NEW YORK (CNNMoney) -- For the last three years, my husband and I have been renting a house. But I would rather buy than throw my money away on rent. Still, even though we have about $120,000 in savings, great credit and no debt, my husband is reluctant. The job he's had the past two years took 15 months to find, and it pays a lot less than his previous job. He's afraid buying now isn't a good idea because of the shaky economy. What do you think: Should we buy or continue renting? -- Jean J.
First things first, I want to dispel the belief that you are throwing money away on rent.
This is a self-serving notion real estate agents often spout that not only isn't true, but isn't a basis for making a rational decision when it comes to buying versus renting.
Fact is, when you rent, you are buying. You're buying a service: the use of a house for a specified period of time. And as long as the rent you're paying is in line with what others are paying for comparable digs, then you're getting that service at the market rate.
Granted, you don't have some of the potential plusses of ownership, such as seeing the value of your home climb over the years. But renting has other advantages. You can move more easily, and you're not on the hook for real estate taxes and upkeep. And the money that would have gone into your house can be spent on other things or go into other assets.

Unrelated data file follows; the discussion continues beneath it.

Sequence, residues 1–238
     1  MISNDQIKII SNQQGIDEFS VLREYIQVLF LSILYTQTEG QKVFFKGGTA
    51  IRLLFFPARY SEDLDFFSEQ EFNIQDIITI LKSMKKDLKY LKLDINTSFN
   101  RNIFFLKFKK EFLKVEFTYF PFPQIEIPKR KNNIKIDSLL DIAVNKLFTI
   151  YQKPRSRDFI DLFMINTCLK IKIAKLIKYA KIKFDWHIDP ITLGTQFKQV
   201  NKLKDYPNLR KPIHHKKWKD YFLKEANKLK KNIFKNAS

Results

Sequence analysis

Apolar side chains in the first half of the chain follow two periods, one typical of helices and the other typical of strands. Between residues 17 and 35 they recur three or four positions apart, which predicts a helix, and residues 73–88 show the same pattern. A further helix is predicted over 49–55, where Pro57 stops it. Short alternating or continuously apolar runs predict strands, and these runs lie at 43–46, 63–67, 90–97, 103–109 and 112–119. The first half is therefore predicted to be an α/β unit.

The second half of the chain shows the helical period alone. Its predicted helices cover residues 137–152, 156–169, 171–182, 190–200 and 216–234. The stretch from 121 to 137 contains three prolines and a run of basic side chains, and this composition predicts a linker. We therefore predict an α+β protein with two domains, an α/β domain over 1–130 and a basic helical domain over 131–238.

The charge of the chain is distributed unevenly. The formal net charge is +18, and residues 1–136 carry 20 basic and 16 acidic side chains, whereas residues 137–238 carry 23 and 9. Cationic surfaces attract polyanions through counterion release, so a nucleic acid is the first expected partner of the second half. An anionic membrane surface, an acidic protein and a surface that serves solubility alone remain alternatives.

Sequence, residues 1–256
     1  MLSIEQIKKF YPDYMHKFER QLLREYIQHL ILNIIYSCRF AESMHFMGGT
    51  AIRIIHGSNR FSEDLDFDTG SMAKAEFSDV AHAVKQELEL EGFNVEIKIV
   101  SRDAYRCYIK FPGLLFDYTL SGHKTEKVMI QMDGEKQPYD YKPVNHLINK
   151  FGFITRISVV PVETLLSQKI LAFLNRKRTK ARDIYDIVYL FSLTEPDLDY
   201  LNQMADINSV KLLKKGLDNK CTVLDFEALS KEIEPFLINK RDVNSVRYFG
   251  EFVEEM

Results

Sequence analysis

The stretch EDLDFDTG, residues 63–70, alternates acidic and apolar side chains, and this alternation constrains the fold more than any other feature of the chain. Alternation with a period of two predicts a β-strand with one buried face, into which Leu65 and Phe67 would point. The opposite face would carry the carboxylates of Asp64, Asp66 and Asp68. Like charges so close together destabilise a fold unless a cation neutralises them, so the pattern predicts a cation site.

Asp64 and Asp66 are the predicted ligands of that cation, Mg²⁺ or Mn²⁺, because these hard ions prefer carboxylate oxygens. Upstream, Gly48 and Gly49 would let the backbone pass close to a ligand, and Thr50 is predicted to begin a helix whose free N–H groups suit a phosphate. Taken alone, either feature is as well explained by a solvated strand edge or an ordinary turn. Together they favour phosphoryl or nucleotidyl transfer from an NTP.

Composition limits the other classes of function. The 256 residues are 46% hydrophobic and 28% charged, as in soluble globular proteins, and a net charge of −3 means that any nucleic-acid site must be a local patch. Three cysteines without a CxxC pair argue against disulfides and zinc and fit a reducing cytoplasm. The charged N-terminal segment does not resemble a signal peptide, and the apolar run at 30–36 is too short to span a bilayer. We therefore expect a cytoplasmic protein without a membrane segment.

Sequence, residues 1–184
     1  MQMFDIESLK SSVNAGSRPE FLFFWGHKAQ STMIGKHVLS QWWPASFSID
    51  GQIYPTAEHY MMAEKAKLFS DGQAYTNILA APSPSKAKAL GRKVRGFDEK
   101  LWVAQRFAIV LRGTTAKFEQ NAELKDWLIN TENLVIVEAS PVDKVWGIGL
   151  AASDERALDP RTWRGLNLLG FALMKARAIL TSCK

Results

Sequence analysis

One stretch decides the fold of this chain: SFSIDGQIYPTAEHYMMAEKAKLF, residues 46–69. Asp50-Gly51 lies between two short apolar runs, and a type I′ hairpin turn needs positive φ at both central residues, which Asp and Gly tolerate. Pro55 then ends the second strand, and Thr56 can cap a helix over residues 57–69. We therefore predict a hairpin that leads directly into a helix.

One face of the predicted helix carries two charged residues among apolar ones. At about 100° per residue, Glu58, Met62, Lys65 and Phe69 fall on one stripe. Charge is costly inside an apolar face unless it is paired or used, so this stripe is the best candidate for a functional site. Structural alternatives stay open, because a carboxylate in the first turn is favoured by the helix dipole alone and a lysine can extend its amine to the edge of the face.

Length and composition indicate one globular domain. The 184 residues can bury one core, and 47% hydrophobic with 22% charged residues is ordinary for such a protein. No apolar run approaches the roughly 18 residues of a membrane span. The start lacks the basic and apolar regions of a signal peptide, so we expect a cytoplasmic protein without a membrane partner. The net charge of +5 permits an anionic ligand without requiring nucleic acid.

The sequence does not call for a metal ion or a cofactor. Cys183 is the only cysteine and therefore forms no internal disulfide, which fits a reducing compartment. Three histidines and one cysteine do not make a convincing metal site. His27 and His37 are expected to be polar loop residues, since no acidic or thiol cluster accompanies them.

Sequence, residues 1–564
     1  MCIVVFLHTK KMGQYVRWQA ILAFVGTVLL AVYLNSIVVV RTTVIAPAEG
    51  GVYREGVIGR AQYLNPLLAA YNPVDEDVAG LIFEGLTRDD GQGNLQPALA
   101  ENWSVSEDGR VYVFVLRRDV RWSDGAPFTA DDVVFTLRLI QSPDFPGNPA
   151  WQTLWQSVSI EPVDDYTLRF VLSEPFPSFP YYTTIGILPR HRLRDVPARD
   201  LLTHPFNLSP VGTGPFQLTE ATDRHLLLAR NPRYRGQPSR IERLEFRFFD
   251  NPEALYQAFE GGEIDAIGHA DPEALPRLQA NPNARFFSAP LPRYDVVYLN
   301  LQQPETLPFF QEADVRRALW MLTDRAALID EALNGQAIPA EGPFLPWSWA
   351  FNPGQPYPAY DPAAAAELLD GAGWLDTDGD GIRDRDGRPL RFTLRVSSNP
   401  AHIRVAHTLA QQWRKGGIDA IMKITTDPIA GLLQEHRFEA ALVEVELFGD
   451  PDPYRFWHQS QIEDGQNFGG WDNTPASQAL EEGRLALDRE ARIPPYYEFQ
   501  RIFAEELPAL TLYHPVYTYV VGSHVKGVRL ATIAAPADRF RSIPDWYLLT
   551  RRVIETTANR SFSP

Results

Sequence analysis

Besides, as recent experience has shown, house price appreciation is hardly a given. Many people who bought during the most recent housing bubble now owe more on their mortgage than their home is worth.
That's not to say a house can't be a good investment. It can. But whether it is depends on a variety of factors, ranging from the price you pay to the prospects for the market you're in to the tax advantages you get and how long you remain in the house.
There are some gauges, such as a "house P/E ratio," that may be able to give you a sense of whether buying may be a better deal than renting. But, just as with stocks, no single metric can tell the whole story. Besides, in the case of a house, the decision to rent or buy isn't just a financial one. There are personal and lifestyle issues that matter just as much as the numbers.